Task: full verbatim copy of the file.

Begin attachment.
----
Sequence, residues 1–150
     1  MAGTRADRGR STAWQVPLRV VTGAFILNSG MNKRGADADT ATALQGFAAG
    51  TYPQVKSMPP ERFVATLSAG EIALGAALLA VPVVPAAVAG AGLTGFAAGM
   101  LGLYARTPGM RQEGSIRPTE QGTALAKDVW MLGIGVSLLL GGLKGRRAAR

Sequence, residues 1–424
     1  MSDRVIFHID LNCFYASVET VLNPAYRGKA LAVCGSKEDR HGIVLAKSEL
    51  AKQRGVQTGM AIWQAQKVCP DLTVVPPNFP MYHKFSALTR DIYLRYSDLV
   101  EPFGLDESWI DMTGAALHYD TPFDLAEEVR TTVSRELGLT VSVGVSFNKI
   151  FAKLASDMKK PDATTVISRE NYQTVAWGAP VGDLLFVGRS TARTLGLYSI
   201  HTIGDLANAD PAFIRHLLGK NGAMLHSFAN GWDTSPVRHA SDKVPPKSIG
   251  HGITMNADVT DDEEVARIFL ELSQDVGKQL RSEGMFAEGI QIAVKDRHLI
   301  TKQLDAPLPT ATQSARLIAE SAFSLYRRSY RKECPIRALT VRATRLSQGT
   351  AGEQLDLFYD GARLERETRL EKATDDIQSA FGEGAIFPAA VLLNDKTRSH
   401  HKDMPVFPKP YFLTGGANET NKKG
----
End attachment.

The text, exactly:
Sequence, residues 1–150
     1  MAGTRADRGR STAWQVPLRV VTGAFILNSG MNKRGADADT ATALQGFAAG
    51  TYPQVKSMPP ERFVATLSAG EIALGAALLA VPVVPAAVAG AGLTGFAAGM
   101  LGLYARTPGM RQEGSIRPTE QGTALAKDVW MLGIGVSLLL GGLKGRRAAR

Sequence, residues 1–424
     1  MSDRVIFHID LNCFYASVET VLNPAYRGKA LAVCGSKEDR HGIVLAKSEL
    51  AKQRGVQTGM AIWQAQKVCP DLTVVPPNFP MYHKFSALTR DIYLRYSDLV
   101  EPFGLDESWI DMTGAALHYD TPFDLAEEVR TTVSRELGLT VSVGVSFNKI
   151  FAKLASDMKK PDATTVISRE NYQTVAWGAP VGDLLFVGRS TARTLGLYSI
   201  HTIGDLANAD PAFIRHLLGK NGAMLHSFAN GWDTSPVRHA SDKVPPKSIG
   251  HGITMNADVT DDEEVARIFL ELSQDVGKQL RSEGMFAEGI QIAVKDRHLI
   301  TKQLDAPLPT ATQSARLIAE SAFSLYRRSY RKECPIRALT VRATRLSQGT
   351  AGEQLDLFYD GARLERETRL EKATDDIQSA FGEGAIFPAA VLLNDKTRSH
   401  HKDMPVFPKP YFLTGGANET NKKG